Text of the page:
Objective: This study investigated the effectiveness of three single-session interventions with high-risk mandated students while considering the influence of motivational interviewing (MI) microskills.
Method: This randomized, controlled pilot trial evaluated single-session interventions: Alcohol Skills Training Program (ASTP), Brief Alcohol Screening and Intervention for College Students (BASICS) feedback sessions, and treatment-as-usual Alcohol Diversion Program (ADP) educational groups. Participants were 61 full-time undergraduates at a southern U.S. campus sanctioned to a clinical program following violation of an on-campus alcohol policy (Mage = 19.16 years; 42.6% female).
Results: RESULTS revealed a significant effect of time for reductions in estimated blood alcohol concentration (eBAC) and number of weekly drinks but not in alcohol-related consequences. Although ASTP and BASICS participants reported significant decreases in eBAC over time, ADP participant levels did not change (with no intervention effects on quantity or consequences). MI microskills were not related to outcomes.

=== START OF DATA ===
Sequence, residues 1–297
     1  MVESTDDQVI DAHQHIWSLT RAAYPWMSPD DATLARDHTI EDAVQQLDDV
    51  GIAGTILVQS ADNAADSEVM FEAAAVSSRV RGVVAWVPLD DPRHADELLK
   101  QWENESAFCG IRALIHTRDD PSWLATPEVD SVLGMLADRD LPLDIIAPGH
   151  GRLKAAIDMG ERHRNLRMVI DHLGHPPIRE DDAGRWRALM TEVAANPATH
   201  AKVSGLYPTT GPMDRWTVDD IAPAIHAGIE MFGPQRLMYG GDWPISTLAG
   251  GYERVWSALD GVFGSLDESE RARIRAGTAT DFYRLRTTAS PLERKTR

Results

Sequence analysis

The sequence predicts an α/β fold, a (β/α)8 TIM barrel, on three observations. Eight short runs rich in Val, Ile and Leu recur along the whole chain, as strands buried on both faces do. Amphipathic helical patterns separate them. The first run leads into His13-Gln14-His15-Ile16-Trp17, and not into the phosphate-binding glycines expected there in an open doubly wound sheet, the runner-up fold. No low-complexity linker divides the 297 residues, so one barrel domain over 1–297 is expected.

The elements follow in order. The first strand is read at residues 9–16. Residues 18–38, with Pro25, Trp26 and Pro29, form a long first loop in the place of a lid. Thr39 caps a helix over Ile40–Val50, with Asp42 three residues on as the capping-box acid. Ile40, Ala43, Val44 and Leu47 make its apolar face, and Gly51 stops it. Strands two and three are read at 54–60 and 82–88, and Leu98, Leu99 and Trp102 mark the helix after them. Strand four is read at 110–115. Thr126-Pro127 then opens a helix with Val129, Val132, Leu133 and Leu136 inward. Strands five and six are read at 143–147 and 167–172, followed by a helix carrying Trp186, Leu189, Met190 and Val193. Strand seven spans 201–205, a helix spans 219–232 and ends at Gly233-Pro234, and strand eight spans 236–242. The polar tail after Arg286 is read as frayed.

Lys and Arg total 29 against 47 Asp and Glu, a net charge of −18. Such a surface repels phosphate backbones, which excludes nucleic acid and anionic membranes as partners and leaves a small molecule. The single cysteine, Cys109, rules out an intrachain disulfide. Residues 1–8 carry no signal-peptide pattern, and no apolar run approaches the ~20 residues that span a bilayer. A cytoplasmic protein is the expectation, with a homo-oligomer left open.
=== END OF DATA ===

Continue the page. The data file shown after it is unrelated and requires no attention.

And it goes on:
Conclusions: RESULTS from this study suggest equivalent behavioral impacts for the MI-based interventions, although individual differences in outcome trajectories suggest that research is needed to further customize mandated interventions. Given the overall decrease in eBAC following the sanction, the lack of reduction in the ADP condition warrants caution when using education-only interventions.